Monday 2 January 2023

Mubi Monday: Switchblade Sisters (1975)

The second last film from director Jack Hill, not counting his work as a writer, Switchblade Sisters feels like a shining beacon of brilliantly aggressive and confrontational exploitation fare. It is populated by strong and sexy women, potential good times are ruined by men being assholes, and authority figures are unable to find a way to communicate with a new generation that disrespects them at every turn.

Lace (Robbie Lee) is a leader of the Dagger Debs, a girl gang who end up arrested alongside a new girl in the neighbourhood, Maggie (Joanne Nail). Patch (Monica Gayle) takes an instant dislike to Maggie, but Lace thinks she could become a valued member of the gang. Things become complicated when Lace's boyfriend, Dominic (Asher Brauner), takes a liking to Maggie. Patch blames Maggie, but she doesn't know that Dominic raped Maggie because he is so used to being able to just take whatever he wants. Seeds of mistrust are sown, and a plan is hatched to deal with Maggie and restore the status quo of the gang. But it may be impossible to go back to how things once were, especially as Dominic and Hook (Don Stark) draw people into their chaos as they wage a turf war against a rival gang leader, Crabs (Chase Newhart).

The only film credited to writer F. X. Maier, Switchblade Sisters is, first and foremost, a gang film. It shows that lifestyle, for better and for worse, but also shows a few different hierarchies: the one within the female gang, the one within the male gangs, and the way the female gang members seem to be roped into service for the male gang members (sometimes literally). It often feels a bit ridiculous and hugely entertaining, but it also has moments that feel grounded in some kind of grimy reality (albeit one filtered through a filter of adult panic . . . an opening title card could have been placed here to state "it's eight o'clock, do you know where your kids are?"). The gangs are a bit risible, especially when they revert to acting like children having a tantrum, but that also just serves as a reminder that there ARE kids. They're play-acting tough, and some have been doing it long enough already that it's become a way of life for them. Wherever they are at right now, you can sense how they started on their path to full-time gang activity, whether it's peer pressure, problems at home, or just spying the opportunity to get what they want in life with minimal effort.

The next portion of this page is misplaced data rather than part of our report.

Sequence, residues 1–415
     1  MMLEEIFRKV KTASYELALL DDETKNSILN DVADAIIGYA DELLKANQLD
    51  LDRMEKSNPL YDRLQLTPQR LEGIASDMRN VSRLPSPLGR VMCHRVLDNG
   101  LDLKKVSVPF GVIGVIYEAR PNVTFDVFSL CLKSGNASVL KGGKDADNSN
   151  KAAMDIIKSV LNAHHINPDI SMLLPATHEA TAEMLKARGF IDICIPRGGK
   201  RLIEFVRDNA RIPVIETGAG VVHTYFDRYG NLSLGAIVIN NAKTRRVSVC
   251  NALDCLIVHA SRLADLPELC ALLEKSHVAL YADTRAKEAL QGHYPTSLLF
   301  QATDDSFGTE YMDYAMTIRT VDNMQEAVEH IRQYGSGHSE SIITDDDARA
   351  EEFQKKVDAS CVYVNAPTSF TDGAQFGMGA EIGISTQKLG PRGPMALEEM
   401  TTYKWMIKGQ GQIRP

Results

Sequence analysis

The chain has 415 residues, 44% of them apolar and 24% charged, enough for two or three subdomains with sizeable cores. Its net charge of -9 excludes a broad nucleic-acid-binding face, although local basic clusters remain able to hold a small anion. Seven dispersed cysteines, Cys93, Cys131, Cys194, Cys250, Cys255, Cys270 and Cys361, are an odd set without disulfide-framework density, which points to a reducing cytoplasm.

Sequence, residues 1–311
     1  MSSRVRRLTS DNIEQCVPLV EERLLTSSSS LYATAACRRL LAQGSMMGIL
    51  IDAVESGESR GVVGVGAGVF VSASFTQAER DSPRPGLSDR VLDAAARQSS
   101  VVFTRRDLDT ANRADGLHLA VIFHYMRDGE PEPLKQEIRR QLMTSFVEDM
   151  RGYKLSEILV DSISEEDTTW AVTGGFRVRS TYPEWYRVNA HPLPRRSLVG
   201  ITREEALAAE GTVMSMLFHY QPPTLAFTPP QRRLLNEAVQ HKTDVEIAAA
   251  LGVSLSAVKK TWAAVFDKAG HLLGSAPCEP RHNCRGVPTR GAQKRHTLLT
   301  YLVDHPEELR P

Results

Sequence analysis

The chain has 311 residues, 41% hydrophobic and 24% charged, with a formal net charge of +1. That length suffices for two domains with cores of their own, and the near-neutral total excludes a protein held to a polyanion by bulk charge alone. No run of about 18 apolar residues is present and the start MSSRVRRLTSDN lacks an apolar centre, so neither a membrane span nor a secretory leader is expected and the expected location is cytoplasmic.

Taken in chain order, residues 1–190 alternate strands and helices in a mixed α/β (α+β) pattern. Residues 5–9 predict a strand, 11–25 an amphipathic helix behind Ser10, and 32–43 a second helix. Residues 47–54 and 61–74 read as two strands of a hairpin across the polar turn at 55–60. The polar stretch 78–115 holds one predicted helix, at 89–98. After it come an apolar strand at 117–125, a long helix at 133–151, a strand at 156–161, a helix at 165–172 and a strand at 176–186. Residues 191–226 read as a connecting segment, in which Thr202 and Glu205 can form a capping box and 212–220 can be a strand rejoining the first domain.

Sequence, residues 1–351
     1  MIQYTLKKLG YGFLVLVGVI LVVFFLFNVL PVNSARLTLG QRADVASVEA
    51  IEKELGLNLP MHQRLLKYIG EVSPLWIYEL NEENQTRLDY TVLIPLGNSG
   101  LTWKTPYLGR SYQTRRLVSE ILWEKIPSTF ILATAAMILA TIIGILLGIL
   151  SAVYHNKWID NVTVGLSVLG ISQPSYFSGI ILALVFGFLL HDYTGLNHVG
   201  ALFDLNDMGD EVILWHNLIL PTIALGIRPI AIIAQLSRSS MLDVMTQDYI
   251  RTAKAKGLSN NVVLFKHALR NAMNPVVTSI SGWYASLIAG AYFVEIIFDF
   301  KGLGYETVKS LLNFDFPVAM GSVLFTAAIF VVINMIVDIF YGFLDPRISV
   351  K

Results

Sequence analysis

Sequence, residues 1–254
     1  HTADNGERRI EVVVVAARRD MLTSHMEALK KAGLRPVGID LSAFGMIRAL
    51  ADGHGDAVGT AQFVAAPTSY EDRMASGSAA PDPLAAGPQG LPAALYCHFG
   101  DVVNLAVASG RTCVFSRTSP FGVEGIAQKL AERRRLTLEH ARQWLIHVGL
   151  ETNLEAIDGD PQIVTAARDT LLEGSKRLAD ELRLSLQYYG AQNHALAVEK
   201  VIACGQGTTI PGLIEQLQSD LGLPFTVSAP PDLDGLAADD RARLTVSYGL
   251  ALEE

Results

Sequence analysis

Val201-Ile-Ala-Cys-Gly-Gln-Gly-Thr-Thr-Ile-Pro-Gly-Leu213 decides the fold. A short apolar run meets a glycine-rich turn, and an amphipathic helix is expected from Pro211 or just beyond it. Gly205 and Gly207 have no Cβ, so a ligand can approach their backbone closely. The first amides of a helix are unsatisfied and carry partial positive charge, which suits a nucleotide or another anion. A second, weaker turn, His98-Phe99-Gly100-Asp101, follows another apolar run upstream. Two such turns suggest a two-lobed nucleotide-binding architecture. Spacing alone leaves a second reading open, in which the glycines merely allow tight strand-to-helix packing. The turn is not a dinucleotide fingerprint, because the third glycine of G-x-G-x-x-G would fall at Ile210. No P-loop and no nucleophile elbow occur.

Hill keeps everything moving along at a decent speed, making more of his budget and resources than many other people would manage. The violence is well-staged, and numerous stunts feel dangerous and just one misjudgement away from going completely out of control, while the cast all get enough screentime to make each one of their characters eventually stand out from the group.

Lee and Nail are the leads, and both do decent work in their roles, but Gayle is excellent alongside both of them, and being named Patch because her character has an eyepatch, makes her arguably the most memorable of the entire cast. Brauner is enjoyably unpleasant, as is Stark, and Newhart is nicely (seemingly) antithetical to them. I could easily mentioned another four or five names here, various gang members who are directly involved with the action, but I don’t want to risk overstuffing a review for a film that is itself expertly crafted into something lean and mean.

Every time I see a new (to me) Jack Hill movie I seem to find myself with a new favourite from his filmography. This is no exception. I would nominate this as one of his very best.


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